(director/writer: Preston Sturges; screenwriter: Earl Felton/story by Earl Felton; cinematographer: Harry Jackson; editor: Robert Fritch; music: Cyril Mockridge; cast: Betty Grable (Winifred Jones), Cesar Romero (Blackie Jobero), Rudy Vallee (Charles Hingleman), Olga San Juan (Conchita), Porter Hall (Judge Alfalfa J. O’Toole), Hugh Herbert (Doctor), Sterling Holloway (Basserman Boy), Danny Jackson (Basserman Boy), Pati Behrs (Roulette), Alan Bridge (Sheriff Ambrose), Richard Hale (Gus Basserman), Marie Windsor (LaBelle Bergere), Russell Simpson (Grandpa), Harry Hayden (Train Conductor), El Brendel (Mr. Jorgensen), Emory Parnell (Mr. Julius Hingleman), Margaret Hamilton (Mrs. Elvira O’Toole); Runtime: 77; MPAA Rating: NR; producer: Preston Sturges; Fox Video; 1949)

“Shoots itself in the arse once too many times for its prolonged spoof to work smoothly.”

Reviewed by Dennis Schwartz

Preston Sturges’ (“The Sin of Harold Diddlebock”/”Sullivan’s Travels”/”The Great McGinty”) penultimate film and his final American film, is not as bad as most critics thought at the time. It seems to get better with age. It’s a wild western farce that abounds in energy, slapstick, lowbrow comedy and anarchy, but lacks a cutting edge on social commentary and the jokes too often go off as blanks. It’s based on a story by Earl Felton and cowritten by him and Sturges.

Saloon singer Freddie Jones (Betty Grable) was raised by her gramps (Russell Simpson) to be an Annie Oakley type of crack shot and grows up to be sexy, brassy, and with a hair-trigger temper. When her ladies man gambler boyfriend with roving eyes, Blackie (Cesar Romero), takes up with the French omelet LaBelle Bergere (Marie Windsor), Freddie goes gunning for him but instead hits Judge Alfalfa J. O’Toole (Porter Hall) in the rear-end. When the arrested Freddie returns with the sheriff to the hotel room of the shooting and tries to apologize and straighten things out with the irate judge, Blackie shows up and Freddie goes in a rage. While restrained by the sheriff, Freddie nevertheless lifts his six-shooter and accidentally hits the judge again in his buttock. With her spicy Mexican sidekick Conchita (Olga San Juan) in tow, Freddie avoids arrest as she skips out of Bashful Bend by rail and on the train is mistaken for the new schoolmarm for the frontier mining town of Snake City. There she gets over as an innocent virgin and falls for the nerdy Charles Hingleman (Rudy Vallee), who owns a prosperous gold mine. But Blackie tracks her down in Snake City and confusion reigns supreme, as the roughneck low-class miners think the town elites rubbed out outspoken miner Gus Basserman’s over-aged troublesome village idiot schoolboy twins and a very silly class war shoot-out takes place.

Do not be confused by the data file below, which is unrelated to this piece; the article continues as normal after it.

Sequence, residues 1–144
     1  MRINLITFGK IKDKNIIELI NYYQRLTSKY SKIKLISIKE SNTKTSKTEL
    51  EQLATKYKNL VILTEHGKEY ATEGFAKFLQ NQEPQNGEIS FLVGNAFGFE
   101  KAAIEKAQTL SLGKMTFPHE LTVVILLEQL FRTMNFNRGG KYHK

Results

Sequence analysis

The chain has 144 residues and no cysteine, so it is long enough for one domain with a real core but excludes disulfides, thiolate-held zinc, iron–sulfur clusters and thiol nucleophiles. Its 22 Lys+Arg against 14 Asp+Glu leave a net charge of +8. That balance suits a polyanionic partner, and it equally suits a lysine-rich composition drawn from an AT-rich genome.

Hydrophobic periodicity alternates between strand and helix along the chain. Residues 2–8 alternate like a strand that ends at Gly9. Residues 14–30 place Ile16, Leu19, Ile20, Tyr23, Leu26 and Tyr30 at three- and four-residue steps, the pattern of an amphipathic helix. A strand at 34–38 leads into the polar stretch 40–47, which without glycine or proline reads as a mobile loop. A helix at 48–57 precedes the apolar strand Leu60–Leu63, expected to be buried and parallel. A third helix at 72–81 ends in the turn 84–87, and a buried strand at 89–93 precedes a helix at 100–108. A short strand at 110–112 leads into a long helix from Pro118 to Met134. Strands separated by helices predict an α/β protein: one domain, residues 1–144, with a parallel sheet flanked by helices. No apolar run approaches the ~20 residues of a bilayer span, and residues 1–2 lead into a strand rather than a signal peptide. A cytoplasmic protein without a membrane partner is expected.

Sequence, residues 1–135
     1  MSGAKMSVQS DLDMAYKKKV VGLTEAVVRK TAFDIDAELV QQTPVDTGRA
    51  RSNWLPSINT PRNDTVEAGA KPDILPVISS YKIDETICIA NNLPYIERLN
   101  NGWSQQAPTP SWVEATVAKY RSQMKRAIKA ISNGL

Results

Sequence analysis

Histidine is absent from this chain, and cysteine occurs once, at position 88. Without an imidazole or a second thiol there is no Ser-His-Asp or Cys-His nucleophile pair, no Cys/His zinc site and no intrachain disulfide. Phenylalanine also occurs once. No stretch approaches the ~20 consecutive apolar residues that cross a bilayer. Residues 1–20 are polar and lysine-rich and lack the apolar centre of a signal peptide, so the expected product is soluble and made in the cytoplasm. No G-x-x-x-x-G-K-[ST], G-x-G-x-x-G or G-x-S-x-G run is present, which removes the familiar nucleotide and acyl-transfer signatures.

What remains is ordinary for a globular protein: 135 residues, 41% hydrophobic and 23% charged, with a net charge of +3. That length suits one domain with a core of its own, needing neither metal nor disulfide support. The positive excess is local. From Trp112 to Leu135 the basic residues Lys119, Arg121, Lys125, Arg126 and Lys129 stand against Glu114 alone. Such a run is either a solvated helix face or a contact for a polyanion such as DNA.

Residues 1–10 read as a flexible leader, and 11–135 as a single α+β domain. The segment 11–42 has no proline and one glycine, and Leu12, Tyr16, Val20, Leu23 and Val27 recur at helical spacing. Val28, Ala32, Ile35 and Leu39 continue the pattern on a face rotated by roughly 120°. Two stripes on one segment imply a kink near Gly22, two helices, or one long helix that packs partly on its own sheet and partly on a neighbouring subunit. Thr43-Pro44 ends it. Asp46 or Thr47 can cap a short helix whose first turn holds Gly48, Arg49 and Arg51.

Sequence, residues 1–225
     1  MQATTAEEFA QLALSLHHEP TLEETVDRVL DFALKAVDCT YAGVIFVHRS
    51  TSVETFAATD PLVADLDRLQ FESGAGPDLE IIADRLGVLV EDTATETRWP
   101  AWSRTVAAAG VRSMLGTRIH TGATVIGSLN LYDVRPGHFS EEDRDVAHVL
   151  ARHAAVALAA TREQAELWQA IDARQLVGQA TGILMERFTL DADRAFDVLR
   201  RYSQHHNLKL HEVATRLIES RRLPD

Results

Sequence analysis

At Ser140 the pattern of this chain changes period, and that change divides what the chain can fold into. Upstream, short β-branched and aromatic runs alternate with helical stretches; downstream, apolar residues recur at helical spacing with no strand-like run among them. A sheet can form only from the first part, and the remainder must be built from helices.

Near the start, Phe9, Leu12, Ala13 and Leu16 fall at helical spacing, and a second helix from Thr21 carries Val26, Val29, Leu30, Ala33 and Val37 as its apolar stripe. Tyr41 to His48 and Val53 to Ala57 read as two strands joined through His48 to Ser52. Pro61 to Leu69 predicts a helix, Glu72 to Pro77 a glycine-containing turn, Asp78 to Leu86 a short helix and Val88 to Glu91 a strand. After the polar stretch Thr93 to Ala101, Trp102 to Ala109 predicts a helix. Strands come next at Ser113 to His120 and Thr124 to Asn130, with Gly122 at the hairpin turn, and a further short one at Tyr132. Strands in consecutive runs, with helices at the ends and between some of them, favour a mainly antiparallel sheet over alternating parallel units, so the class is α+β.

The film lacks any subtleties, moves too much into silliness and shoots itself in the arse once too many times for its prolonged spoof to work smoothly. But even a minor Sturges comedy is still better than most others, especially as the director’s usual repertory of players are on hand to add to the freewheeling chaos. Grable is properly cast and gives an uplifting raucous performance, as do some of the supporting characters; such as, the always reliable Sturges regulars Porter Hall and Hugh Herbert, as the giggling insanely myopic doctor. The suave Vallee is out of place in such a burlesque Western, yet there’s something charming about that casting decision.

Sterling Holloway, Hugh Herbert, Betty Grable, Cesar Romero, El Brendel, Porter Hall, and Rudy Vallee in The Beautiful Blonde from Bashful Bend (1949)